The White River Badlands (eBook)

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  • 116,758 Words
  • 240 Pages

The forbidding Big Badlands in Western South Dakota contain the richest fossil beds in the world. Even today these rocks continue to yield new specimens brought to light by snowmelt and rain washing away soft rock deposited on a floodplain long ago. The quality and quantity of the fossils are superb: most of the species to be found there are known from hundreds of specimens. The fossils in the White River Group (and similar deposits in the American west) preserve the entire late Eocene through the middle Oligocene, roughly 35-30 million years ago and more than 30 million years after non-avian dinosaurs became extinct. The fossils provide a detailed record of a period of abrupt global cooling and what happened to creatures who lived through it. The book provides a comprehensive reference to the sediments and fossils of the Big Badlands and will complement, enhance, and in some ways replace the classic 1920 volume by Cleophas C. O'Harra. Because the book focuses on a national treasure, it touches on National Park Service management policies that help protect such significant fossils.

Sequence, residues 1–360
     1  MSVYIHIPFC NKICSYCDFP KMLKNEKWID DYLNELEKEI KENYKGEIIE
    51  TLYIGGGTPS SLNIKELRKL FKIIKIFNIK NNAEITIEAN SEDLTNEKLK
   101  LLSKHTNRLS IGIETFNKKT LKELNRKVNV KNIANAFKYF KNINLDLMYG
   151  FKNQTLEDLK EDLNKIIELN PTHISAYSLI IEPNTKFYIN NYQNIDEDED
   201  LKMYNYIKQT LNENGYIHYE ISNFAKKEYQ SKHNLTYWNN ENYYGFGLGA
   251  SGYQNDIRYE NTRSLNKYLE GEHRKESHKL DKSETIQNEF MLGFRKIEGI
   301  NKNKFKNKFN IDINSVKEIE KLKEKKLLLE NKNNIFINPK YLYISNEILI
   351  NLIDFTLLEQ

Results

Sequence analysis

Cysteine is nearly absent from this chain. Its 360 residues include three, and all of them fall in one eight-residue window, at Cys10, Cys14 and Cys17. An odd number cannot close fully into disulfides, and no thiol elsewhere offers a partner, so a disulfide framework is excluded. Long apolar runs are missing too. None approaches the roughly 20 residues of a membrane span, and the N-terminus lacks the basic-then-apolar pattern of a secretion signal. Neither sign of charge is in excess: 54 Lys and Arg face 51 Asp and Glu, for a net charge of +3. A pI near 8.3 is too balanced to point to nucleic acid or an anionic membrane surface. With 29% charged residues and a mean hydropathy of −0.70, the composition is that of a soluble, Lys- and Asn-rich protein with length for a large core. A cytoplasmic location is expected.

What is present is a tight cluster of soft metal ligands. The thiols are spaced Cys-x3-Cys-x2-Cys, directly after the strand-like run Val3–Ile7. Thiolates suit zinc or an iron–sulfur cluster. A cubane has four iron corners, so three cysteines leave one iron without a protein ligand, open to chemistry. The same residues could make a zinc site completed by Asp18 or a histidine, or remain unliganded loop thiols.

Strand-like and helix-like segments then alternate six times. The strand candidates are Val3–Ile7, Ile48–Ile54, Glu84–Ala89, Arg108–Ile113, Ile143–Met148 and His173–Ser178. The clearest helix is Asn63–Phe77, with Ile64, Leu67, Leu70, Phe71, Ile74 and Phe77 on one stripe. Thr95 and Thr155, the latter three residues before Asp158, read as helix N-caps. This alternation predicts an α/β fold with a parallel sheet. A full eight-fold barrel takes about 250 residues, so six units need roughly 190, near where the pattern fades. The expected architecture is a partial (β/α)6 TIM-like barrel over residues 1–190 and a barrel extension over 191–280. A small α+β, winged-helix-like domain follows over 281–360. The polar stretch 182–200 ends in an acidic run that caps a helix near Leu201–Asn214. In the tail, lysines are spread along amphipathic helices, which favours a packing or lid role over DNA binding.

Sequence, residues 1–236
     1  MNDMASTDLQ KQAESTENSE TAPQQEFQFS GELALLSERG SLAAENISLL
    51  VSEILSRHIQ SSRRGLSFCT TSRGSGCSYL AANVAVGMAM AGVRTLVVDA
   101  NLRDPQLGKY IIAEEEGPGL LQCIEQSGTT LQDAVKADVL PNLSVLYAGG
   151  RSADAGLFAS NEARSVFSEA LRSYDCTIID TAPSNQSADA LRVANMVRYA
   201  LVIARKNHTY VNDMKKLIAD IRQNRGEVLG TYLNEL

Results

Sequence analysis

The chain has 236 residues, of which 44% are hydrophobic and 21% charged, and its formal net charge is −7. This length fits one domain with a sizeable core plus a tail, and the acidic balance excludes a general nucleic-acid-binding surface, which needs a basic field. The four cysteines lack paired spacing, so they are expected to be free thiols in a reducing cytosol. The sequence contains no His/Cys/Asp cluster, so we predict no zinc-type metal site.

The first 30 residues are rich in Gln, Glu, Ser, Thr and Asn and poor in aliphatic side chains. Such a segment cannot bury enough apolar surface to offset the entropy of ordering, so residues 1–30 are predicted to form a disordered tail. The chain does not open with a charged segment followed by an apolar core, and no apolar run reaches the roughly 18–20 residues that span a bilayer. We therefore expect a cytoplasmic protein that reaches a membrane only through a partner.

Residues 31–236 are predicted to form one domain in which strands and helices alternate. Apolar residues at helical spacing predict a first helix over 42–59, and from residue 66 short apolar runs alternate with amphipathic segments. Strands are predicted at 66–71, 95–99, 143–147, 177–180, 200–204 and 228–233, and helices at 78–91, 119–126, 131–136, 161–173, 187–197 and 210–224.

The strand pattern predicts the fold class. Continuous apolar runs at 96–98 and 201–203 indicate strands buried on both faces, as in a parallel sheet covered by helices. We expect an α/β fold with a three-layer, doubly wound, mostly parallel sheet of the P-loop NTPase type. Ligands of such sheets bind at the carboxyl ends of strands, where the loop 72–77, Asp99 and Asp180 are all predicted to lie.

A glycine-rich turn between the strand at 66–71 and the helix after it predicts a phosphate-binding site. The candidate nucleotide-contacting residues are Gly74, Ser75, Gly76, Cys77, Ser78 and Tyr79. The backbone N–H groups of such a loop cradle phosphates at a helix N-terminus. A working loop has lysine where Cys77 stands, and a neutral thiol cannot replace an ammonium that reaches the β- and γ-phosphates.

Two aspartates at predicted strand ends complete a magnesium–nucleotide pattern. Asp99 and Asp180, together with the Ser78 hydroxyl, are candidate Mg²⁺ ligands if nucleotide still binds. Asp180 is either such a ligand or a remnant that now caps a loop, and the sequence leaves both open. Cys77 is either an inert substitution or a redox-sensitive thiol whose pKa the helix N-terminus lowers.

The forbidding Big Badlands in Western South Dakota contain the richest fossil beds in the world. Even today these rocks continue to yield new specimens brought to light by snowmelt and rain washing away soft rock deposited on a floodplain long ago. The quality and quantity of the fossils are superb: most of the species to be found there are known from hundreds of specimens. The fossils in the White River Group (and similar deposits in the American west) preserve the entire late Eocene through the middle Oligocene, roughly 35-30 million years ago and more than 30 million years after non-avian dinosaurs became extinct. The fossils provide a detailed record of a period of abrupt global cooling and what happened to creatures who lived through it. The book provides a comprehensive reference to the sediments and fossils of the Big Badlands and will complement, enhance, and in some ways replace the classic 1920 volume by Cleophas C. O'Harra. Because the book focuses on a national treasure, it touches on National Park Service management policies that help protect such significant fossils.


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by Rachel C. Benton, dennis o.jr. terry, Emmett Evanoff, Hugh Gregory McDonald

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